Series EE bonds issued from May 2015 through October 2015 earn today’s announced rate of 0.30%. All Series EE bonds issued since May 2005 earn a fixed rate in the first 20 years after issue. At 20 years, the bonds will be worth at least two times their purchase price. The bonds will continue to earn interest at their original fixed rate for an additional 10 years unless new terms and conditions are announced before the final 10-year period begins.)

I can’t find this provision mentioned anywhere else on the treasurydirect website. Does anyone know if it is true?

EDIT: that would make their minimum APY 3.5% because 1.035 ^ 20 = 2. Not bad in today’s environment, better than 30Y treasuries!

^ It should grow at the stated “interest rate” until it matures.

I thought these were pure discount bonds. issued at 50 matures at 100 in 20 years? The .3% feels wrong but I haven’t looked at EE series bonds in a long time

^ Only paper bonds. Electronic ones are sold at face value and earn interest at face value. But my OP was right - if interest rates stay low and your $100 bond is worth only $130 after 20 years, the treasury will still pay you $200.

You bought a paper EE Bond at half its face value. For example, you paid $50 for a $100 paper EE Bond.

The bond starts to earn interest on what you paid (not on its face value). Over time, with interest compounded every six months, the bond gets closer and closer to its face value.

Treasury guarantees that an EE Bond will be worth at least its face value after the first 20 years. If an EE Bond does not double in value (reach its face value) as a result of applying the fixed rate of interest for those 20 years, Treasury will make a one-time adjustment at the 20 year anniversary of the bond’s issue date to make up the difference.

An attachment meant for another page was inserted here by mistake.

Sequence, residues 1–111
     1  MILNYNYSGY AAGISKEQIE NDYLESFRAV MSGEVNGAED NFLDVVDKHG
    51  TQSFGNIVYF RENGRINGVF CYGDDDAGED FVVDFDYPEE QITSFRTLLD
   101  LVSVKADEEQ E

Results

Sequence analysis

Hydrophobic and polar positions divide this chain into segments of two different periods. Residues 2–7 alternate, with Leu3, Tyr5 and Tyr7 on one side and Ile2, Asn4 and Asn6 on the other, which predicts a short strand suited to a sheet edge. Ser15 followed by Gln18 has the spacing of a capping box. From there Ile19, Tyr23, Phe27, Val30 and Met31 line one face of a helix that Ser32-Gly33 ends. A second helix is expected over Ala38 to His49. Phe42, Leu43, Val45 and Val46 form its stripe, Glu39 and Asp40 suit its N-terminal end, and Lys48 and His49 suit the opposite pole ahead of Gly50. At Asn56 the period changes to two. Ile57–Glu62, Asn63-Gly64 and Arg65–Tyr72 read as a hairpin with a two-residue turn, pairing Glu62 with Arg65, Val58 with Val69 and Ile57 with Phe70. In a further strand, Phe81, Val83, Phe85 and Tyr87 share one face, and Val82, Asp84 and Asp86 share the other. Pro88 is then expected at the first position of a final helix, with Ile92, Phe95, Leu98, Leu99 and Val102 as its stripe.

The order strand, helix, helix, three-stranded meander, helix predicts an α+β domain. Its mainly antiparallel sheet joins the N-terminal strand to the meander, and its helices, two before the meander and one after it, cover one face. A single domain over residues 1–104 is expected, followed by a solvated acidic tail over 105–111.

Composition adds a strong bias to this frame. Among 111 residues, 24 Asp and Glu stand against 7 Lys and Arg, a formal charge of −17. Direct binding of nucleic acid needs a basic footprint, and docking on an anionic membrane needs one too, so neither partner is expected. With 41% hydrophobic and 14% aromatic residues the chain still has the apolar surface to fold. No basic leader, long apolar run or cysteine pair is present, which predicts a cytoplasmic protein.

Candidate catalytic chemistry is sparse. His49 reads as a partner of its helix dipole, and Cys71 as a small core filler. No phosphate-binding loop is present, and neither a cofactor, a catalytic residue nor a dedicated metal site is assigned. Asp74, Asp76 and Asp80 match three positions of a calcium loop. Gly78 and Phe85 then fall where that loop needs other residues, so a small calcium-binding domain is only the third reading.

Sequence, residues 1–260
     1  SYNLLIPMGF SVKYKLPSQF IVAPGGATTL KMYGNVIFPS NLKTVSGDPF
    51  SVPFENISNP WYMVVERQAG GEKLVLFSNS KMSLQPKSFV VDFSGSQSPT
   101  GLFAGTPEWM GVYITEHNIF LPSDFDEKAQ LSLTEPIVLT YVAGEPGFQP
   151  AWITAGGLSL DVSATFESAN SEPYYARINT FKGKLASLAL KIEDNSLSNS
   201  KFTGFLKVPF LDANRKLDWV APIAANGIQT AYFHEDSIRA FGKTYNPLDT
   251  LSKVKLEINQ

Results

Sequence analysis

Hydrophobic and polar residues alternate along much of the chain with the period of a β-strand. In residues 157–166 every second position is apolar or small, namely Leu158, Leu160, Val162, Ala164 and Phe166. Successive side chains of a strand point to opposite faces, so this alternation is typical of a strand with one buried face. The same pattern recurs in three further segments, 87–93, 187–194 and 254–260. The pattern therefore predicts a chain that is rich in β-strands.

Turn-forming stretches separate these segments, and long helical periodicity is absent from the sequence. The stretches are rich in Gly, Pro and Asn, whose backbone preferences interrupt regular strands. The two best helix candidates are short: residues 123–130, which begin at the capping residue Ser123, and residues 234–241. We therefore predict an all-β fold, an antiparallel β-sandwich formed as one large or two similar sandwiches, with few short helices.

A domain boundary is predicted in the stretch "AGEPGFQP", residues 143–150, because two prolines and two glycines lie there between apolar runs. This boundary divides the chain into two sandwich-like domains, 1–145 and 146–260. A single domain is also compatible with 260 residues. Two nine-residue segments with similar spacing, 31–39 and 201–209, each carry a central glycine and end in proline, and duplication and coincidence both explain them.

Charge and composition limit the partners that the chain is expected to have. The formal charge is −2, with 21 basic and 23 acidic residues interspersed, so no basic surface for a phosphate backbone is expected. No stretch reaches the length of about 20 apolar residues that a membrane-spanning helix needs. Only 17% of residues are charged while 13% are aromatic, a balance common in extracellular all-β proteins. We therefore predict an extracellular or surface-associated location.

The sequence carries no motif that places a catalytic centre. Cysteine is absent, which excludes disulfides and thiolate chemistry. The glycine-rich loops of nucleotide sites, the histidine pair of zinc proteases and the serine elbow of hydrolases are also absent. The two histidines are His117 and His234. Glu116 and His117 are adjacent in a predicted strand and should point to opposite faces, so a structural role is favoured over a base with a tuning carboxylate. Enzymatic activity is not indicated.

EE Bonds continue to earn interest for up to 30 years.

Electronic bonds are sold at face value (not half of face value). They start to earn interest right away on the full face value. Treasury guarantees that for an electronic EE Bond with a June 2003 or later issue date, after 20 years, the redemption (cash-in) value will be at least twice the purchase price of the bond. If the redemption (cash-in) value is not at least twice the purchase price of the electronic bond as a result of applying the fixed rate of interest for those 20 years, Treasury will make a one-time adjustment at the 20 year anniversary of the bond’s issue date to make up the difference.

It’s a special deal because the amount of EE Savings Bonds each person can purchase per year is limited to $10k per person:

…"Through your TreasuryDirect account - which is established using your name and social security number, bank information, driver’s license and e–mail address – you can invest in electronic savings bonds (also referred to as book–entry savings bonds) each calendar year by purchasing as much as: